The article stopped just when it was about to become really interesting. I, personally, miss answers to the following questions:
- How do you define hate speech in a legally watertight manner to begin with?
- Who is to be the interpreter of these laws? Facebook?
- Who shall cover the cost of their implementation?
- Where can a convicted offender appeal the verdict?
I don’t think it is a realistic option to expect from social networks to police speech on their platforms over and above what their immediate business interests require anyway. Because the costs of such a policy would not be compensated by an increase in revenue, and hence would be an act of charity to the public. But the thing is, enterprises are not charities, but enterprises.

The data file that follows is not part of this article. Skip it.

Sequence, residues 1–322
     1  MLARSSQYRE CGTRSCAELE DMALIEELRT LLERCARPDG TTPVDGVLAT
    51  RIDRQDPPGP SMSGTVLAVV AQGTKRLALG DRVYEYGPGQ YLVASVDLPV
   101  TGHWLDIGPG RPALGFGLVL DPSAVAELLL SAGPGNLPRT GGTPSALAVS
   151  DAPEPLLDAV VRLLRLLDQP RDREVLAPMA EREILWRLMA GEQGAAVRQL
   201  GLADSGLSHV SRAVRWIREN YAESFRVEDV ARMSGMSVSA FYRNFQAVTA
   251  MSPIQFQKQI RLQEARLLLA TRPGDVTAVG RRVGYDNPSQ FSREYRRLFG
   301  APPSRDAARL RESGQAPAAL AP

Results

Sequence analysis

And in case you want to make it a law for social networks to police speech on their sites, you are back at the first question: to make possible a check for compliance on the side of the social networks, these laws have to be watertight. And then, you can forget about fuzzy borders.
Sorry, but I am not convinced that making laws or regulation is the right way to deal with hate speech.